February 4, 2013 2:15 pm
The news is often dubbed the “first rough draft of history,” the first crack at making sense of the struggles and triumphs of our time. A new artificial intelligence engine, however, might be able harvest those drafts to figure out the future. By using advanced computational techniques to parse through two decades of New York Times stories and other resources, Microsoft researcher Eric Horvitz and Technion-Israel Institute of Technology scientist Kira Radinsky, think they might be able to identify the underlying connections between real-world events and predict what will happen next.
The trick is that many newsworthy events—riots, disease outbreaks—says the BBC, are preceded by other other less dramatic news stories. But, by digging through such a vast wealth of stories, these otherwise overlooked associations can be pulled out.
In their research paper, the two scientists say that using a mixture of archived news reports and real-time data, they were able to see links between droughts and storms in parts of Africa and cholera outbreaks.
For example in 1973 the New York Times published news of a drought in Bangladesh, and in 1974 it reported a cholera epidemic.
Following reports of another drought in the same country in 1983, the newspaper again reported cholera deaths in 1984.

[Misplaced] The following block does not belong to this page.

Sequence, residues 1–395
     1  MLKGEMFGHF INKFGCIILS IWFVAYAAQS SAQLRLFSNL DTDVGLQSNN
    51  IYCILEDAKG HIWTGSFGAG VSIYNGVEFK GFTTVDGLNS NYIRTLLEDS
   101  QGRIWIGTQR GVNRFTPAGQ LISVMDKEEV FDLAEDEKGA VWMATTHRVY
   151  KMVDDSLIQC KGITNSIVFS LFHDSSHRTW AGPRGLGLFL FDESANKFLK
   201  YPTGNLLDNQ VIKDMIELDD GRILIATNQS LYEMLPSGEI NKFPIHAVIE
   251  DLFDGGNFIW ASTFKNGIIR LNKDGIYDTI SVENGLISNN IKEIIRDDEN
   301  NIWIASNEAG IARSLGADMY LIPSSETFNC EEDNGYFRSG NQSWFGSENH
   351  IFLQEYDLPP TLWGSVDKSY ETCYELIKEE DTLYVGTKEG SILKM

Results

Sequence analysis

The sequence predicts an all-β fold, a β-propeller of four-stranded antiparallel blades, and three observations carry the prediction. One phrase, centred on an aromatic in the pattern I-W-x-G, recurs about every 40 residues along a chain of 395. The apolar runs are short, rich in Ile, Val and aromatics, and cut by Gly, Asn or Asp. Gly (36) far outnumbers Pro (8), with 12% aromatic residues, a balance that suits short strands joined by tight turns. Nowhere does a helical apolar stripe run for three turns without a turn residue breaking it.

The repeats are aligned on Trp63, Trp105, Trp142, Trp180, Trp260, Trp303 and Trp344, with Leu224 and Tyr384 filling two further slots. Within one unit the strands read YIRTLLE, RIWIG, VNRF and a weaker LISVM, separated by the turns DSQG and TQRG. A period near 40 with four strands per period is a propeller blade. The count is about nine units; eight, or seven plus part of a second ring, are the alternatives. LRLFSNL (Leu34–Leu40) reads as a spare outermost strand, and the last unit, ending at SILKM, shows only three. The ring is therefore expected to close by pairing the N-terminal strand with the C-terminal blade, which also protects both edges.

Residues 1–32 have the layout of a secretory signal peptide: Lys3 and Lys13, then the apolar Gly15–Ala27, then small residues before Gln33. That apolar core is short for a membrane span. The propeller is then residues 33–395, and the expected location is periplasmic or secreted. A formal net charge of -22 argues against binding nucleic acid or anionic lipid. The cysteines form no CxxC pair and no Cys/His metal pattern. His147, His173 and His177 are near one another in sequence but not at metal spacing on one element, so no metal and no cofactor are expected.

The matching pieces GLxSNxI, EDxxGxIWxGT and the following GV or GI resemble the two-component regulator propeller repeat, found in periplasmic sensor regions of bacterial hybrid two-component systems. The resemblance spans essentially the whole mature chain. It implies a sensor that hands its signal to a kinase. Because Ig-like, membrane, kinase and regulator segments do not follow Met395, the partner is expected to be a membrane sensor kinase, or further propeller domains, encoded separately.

“Alerts about a downstream risk of cholera could have been issued nearly a year in advance,” wrote researchers Eric Horvitz, director of Microsoft Research, and Kira Radinsky, PhD student at Technion-Israel Institute of Technology.
This model doesn’t necessarily mean that, for Bangladesh, drought will always lead to cholera. But, by viewing the occurrences with an eye to the future, an impending drought could be a sign to Bangladeshi water managers to keep a closer eye on their treatment programs, or for healthcare workers to be wary of an outbreak.
Similar links between drought and cholera, says MIT’s Technology Review, were identified for Angola.
In similar tests involving forecasts of disease, violence, and a significant numbers of deaths, the system’s warnings were correct between 70 to 90 percent of the time.
Techniques like this one are used in science all the time. Neural networks, machine learning and artificial intelligence approaches have helped YouTube discover—without human intervention—what cats are and have helped paleontologists speed up the fossil hunt. Because they can analyze vast swaths of data, computers are particularly well-suited for pulling out some of the non-obvious trends that permeate history. MIT’s Tom Simonite:
Many things about the world have changed in recent decades, but human nature and many aspects of the environment have stayed the same, Horvitz says, so software may be able to learn patterns from even very old data that can suggest what’s ahead. “I’m personally interested in getting data further back in time,” he says.
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